Divorce Rates Among Families of Children with Disabilities

By David Morstad

Why talk about divorce in the context of this blog? What does divorce have to do with disability? The answer is simply this: Many still believe that disability has a great deal to do with divorce. While the available data on divorce rates among families of children with disabilities remains somewhat limited, informal and anecdotal reports continue to cite numbers that appear wildly exaggerated — some as high as 75 – 80%. Two recent studies, both credible and informative, suggest a somewhat different picture.

Data related to the sad reality of divorce in America can be interpreted a number of ways, but let’s keep it simple.

According to the most recent US census (2009), most divorces happen early in marriage. If you take the fifth anniversary as a benchmark, a clear trend emerges. In the early 1960s, about 5% of married couples divorced before reaching five years of marriage. By the late 1990s, that number had risen to about 10%.

In 2010, researchers at the Waisman Center, a University Center of Excellence in Disability at the University of Wisconsin, looked at 391 parents of children with autism and 391 similar families with children who did not have a disability. They matched the two groups by age, ethnicity, socioeconomic status, and the age and gender of the children. Parents in both groups were part of two long-running studies that tracked families for decades. They found that parents of children with autism had a nearly 24% chance of divorce, compared to parents in the other group who divorced about 14% of the time. At the time the study was first published, the Milwaukee Journal Sentinel provided a nice synopsis.

Earlier, in a 2007 study at the Vanderbilt University Kennedy Center, researchers studied divorce in families of children with Down syndrome compared to families of children with other disabilities and families with no noted disabilities. Again, the findings provided a few surprises.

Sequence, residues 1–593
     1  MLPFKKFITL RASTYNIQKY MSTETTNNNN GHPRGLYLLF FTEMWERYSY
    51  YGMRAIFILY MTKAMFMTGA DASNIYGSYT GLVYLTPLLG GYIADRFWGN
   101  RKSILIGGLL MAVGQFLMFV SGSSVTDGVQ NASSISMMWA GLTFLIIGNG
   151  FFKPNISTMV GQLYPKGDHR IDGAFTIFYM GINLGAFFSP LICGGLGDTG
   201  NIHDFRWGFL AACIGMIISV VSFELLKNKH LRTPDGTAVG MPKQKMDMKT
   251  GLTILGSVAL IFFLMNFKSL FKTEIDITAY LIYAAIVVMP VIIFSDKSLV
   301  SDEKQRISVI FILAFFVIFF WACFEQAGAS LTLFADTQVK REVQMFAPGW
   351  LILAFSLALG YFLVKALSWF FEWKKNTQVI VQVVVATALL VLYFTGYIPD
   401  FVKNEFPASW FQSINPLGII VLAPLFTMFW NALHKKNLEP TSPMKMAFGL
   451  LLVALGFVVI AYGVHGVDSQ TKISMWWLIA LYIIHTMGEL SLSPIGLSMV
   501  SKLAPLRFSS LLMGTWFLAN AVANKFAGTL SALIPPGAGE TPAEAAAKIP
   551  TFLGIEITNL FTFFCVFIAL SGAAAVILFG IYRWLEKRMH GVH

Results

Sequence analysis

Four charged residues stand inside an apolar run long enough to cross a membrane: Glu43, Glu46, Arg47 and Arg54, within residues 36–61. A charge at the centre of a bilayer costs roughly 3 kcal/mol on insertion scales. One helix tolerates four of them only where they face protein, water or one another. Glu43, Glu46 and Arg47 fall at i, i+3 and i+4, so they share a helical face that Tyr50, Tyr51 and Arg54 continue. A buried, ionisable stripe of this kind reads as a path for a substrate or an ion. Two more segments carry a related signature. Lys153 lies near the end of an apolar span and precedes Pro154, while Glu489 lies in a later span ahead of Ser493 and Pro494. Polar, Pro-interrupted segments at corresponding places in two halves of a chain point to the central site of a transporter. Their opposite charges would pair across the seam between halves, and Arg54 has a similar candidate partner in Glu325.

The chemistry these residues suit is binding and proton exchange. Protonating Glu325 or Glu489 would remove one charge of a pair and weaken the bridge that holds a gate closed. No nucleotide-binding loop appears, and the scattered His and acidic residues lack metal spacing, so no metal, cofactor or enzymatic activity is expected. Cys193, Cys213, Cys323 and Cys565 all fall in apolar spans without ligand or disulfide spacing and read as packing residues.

Divorce rates among families of children with Down syndrome were actually found to be lower than in the other two groups.

  • Down syndrome – 7.6%
  • No disability – 10.8%
  • Other disabilities – 11.2%

Factors such as age at the time of marriage, income, and education affect all three categories without statistical significance. And, just like the general population, mothers and fathers of children with Down syndrome were much more likely to divorce if they were younger, had not graduated from high school, or lived in a rural area.

One finding common to both studies was the issue of when in the marriage the divorce occurred.

As mentioned early, divorces in the general population tend to occur early in marriages. In fact, there is a prominent clustering in the first two years. Among families of children with disabilities, there is less of this early clustering, but the incidence of divorce tends to continue later into family life.

The studies do little to address the undeniable impact of divorce on family life, of course, but artificially inflated numbers do not speak the truth about the issue. Worse, they infer that children with disabilities are, at least to some extent, stress causing elements that family structures strain against. No child deserves the burden of that myth.

Learn more about this topic by reading Families and Disability.

7 Responses

  1. People most often divorce because they have not created ways to meet the 6 Basic Human Needs [Certainty, Variety, Significance, Love / Connection, Growth & Contribution] in ways that are positive and empowering for themselves and their partner. This is even more critical for parents of children with disabilities because of the added pressure added to their family unit.

  2. Interesting article. Now I would like to see some research on families that have TWO children w/ multiple disabilities like mine.

  3. I am in a second marriage and am the step-mom of a child with Down Syndrome- the strain is significant. Are there any studies on situations like mine?

  4. How is it a myth that children with disabilities are “at least to some extent, stress causing elements that family structures strain against.”
    Am I perhaps misunderstanding the sentence? I also have 2 children with disabilities and one typical, and it is indeed stressful.

    • Thanks for your comment, Cherie. Perhaps the closing could have been more clearly stated. It is certainly no myth that the responsibility of children with disabilities can be a part of the stress mix in any family. No question about it. My point was simply that the “artificially inflated numbers do not speak the truth about the issue”. The myth in question here is the not the presence of stress related to children with disabilities, but rather the wildly inflated divorce rate numbers among their parents. Thanks for catching that.

  5. Thank you for taking the time to gather this data and clarify the statistics. (Yes, I have often heard much more dismal statistics “quoted” in presentations without documentation.) I find your report encouraging.

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